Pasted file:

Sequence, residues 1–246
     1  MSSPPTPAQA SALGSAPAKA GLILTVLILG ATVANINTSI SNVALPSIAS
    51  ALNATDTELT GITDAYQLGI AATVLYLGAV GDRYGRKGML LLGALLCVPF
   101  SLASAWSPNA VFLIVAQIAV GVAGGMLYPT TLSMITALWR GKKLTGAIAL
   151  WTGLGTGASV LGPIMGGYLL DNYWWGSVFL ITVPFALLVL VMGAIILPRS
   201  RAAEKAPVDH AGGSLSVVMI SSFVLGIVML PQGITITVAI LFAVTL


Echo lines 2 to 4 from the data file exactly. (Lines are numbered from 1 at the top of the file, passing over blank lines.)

     1  MSSPPTPAQA SALGSAPAKA GLILTVLILG ATVANINTSI SNVALPSIAS
    51  ALNATDTELT GITDAYQLGI AATVLYLGAV GDRYGRKGML LLGALLCVPF
   101  SLASAWSPNA VFLIVAQIAV GVAGGMLYPT TLSMITALWR GKKLTGAIAL